Deep neural networks for 2D LIDAR images classification
Department of Electrical/Electronic Engineering
This work aims to explore different deep neural network architectures for object classification in 2D LiDAR traffic images. The images are recorded using aLiDAR sensor attached to the mask of a car. There are two sources of these images: real-life recordings created while driving through streets of Brno and recordings from a simulator. An essential part of this work is also the annotation of LiDAR images, which is different for real data and simulated data.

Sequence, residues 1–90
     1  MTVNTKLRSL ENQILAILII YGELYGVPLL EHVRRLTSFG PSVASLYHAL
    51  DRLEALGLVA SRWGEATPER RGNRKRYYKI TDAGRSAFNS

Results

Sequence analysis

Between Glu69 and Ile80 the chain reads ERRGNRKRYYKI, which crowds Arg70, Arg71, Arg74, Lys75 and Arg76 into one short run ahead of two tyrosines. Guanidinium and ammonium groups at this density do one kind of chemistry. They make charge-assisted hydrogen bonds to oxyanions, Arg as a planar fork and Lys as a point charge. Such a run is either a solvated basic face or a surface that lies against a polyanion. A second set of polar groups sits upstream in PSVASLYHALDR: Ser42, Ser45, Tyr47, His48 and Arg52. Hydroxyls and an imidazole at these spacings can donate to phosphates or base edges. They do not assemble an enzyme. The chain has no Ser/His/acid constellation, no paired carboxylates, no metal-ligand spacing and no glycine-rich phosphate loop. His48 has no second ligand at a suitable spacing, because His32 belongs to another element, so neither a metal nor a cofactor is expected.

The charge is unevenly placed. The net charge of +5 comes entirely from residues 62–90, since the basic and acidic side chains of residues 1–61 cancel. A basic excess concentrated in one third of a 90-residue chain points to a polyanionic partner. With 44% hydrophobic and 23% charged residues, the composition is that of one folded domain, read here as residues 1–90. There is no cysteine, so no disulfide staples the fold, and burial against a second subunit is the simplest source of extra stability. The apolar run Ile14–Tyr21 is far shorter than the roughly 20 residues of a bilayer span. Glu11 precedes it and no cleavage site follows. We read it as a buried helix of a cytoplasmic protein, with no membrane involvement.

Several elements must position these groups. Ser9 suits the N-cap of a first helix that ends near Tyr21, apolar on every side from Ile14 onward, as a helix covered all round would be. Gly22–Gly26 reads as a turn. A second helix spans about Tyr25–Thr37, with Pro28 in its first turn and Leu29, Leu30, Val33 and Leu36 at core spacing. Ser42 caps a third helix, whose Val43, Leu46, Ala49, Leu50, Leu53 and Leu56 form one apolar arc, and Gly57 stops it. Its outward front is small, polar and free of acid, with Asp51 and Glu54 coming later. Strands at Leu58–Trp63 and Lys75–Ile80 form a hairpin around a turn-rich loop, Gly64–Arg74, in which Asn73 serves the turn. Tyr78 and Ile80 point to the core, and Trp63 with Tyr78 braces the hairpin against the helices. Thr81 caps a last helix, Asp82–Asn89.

1 Introduction Theworldhasseenagreatadvanceinthefieldofautonomousvehicles in the past 15 years. In 2003, the well known Tesla, Inc. company— formerly Tesla Motors—was founded in Delaware. In July 2004 The Stanford Racing Team  was created under the leadership of professor Sebastian Thrun, who is considered to be the father of self-driving cars. TheteammanagedtowintheDARPAGrandChallengein2005 using Stanley, an autonomousVolkswagenTouareg,whichcanbeseen at the Smithsonian’s National Museum of American History in Washington, DC. In 2009 the Google Self-Driving Car Project was founded, lead by Sebastian Thrun, and later became the Waymo company. Both, Tesla and Waymo, specialize in autonomous car developmentbutthey achieve it through different means. Tesla relies on many cameras, radar, and ultrasonics, while Waymo equips its vehicles with 3DVelodyne LiDAR (Light Detection and Ranging) sensor as well as cameras and radar. Both of these approaches require an understanding and fusion of the data from different sensors in real time, which requires a lot of computational power as well as efficient computational models. One of these models are neural networks which are used to segment images from cameras so that the vehicle can comprehend captured camera images and react to them. This is useful, for example, for tracking road surface markings, recognizing traffic lights and traffic signs or detecting other vehicles, pedestrians, etc. In this thesis, I explore the possibility of using neural networks for segmenting 2D LiDAR images for a software company ARTIN and its project Roboauto, which has provided me with recorded LiDAR images.Therearetwosourcesoftheseimages:real-worldenvironment and a simulator. As a part of this thesis, I also process and annotate datafromtherecordings.Icomparedifferentarchitecturesofnetworks trained either on real or simulated data. I also analyze the impact of substituting a part of these networks for a part of an autoencoder which was pretrained on bigger dataset. In Section 2 I present some information about the Roboauto project relevant to this thesis. In Section 3 I introduce the neural networks and also the most common technique for training them -the gradient descent algorithm with backpropagation. In Section 4 I explain the 1